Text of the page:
The majority of children with autism brought in for treatment so far this year are those with virtual autism. This is according to records maintained with the Jigme Dorji Wangchuck National Referral Hospital in Thimphu. 200 cases of autism have been reported this year alone. Virtual autism is an acquired condition in children due to overexposure to screens during their infancy. It can be cured if a child seeks professional help before the age of six, but it becomes a lifelong condition if it is not addressed during the critical age.
These days technology has become an inevitable element of everyday life including parenting. With smartphones widely available, it has become common amongst parents to expose their children to digital content.
However, the World Health Organisation (WHO) recommends no screen time for babies under 2 years of age. Babies between the age of two and four should get no more than one hour of screen time a day. However, parents in Thimphu BBS talked to were found exposing their children to screens way beyond the recommended time. Some parents said their children throw tantrums when phones are taken away from them.
“I let her watch YouTube for at least one to two hours a day. She learns a lot from YouTube but it also has disadvantages. When we talk to her, she does not reply and I observe her becoming a little dull now,” said Dawa Zam, a mother.
“In the afternoon, my 5-year-old daughter watches YouTube for four to five hours. She knows how to say the name of fruits such as apples and oranges. There are also disadvantages where she does not eat meals on time and it also affects her eyes,” said Sangay Choden, another mother.
Despite picking up new words and information from online videos, the experts warn parents of the negative impact overexposure to screens could have on children’s cognitive abilities. They say virtual autism is one of the risky screen-induced conditions that could have lifelong health implications.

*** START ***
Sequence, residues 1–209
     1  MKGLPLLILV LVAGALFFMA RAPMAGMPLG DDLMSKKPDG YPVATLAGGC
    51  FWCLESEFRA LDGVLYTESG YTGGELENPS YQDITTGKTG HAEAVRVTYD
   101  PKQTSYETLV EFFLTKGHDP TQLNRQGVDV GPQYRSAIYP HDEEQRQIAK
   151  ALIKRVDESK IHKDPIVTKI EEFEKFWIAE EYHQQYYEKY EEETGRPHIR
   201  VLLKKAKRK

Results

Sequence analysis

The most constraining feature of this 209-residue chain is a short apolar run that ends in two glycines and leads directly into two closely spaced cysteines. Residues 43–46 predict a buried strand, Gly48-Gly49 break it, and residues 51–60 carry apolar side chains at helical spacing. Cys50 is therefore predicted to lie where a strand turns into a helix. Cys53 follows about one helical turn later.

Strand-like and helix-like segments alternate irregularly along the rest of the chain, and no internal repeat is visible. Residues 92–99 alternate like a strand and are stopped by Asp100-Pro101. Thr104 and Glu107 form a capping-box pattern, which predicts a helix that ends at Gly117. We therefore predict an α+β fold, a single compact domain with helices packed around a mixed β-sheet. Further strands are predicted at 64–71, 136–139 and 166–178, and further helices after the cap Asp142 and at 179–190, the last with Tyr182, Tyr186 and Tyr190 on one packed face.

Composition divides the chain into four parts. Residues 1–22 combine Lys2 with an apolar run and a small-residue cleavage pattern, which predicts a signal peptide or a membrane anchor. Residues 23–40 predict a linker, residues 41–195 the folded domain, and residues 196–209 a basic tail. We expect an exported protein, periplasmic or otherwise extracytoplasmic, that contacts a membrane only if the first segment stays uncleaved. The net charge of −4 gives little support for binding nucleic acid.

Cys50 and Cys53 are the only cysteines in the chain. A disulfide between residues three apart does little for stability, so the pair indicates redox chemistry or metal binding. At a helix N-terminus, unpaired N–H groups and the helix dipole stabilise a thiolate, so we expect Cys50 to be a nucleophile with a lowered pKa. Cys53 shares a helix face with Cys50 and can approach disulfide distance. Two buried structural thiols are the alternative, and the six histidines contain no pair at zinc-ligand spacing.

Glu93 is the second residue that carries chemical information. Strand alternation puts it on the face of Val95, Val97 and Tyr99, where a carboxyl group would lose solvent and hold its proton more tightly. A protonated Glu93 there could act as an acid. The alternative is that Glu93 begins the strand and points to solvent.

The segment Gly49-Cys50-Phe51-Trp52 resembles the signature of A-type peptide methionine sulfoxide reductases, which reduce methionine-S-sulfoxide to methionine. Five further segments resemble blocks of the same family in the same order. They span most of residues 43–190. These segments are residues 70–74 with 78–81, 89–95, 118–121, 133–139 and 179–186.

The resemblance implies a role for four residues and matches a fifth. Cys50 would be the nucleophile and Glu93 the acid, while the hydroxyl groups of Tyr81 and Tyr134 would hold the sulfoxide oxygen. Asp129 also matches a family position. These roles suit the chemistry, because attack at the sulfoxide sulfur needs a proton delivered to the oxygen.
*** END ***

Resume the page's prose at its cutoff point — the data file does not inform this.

It has symptoms similar to those of autism spectrum disorder or ASD, which is the neurodevelopmental disorder a child is born with. Children with ASD often have problems with social communication and interaction, and restricted or repetitive behaviours or interests. However, children can also develop a similar condition which is virtual autism if their screen time is not monitored.
“Normally during infancy which is the period from birth to one year, and toddlerhood, which is from 1 to 3 years, a child is not supposed to be exposed to screen excessively. They are supposed to be getting a natural stimulation where a peer child and parent-child exposure is very important,” said Nima Dorji, Medical Speech Pathologist of JDWNRH.
He said the condition is curable as long as the child gets diagnosed early and starts the intervention plan.
During the intervention, parents are advised not to stop their toddler’s screen time immediately but gradually reduce the duration. If cases are severe, parents are recommended to bring their children to the hospital. Currently, there are only two medical speech pathologists who deal with such cases in the country at the national referral hospital.
Edited by Kipchu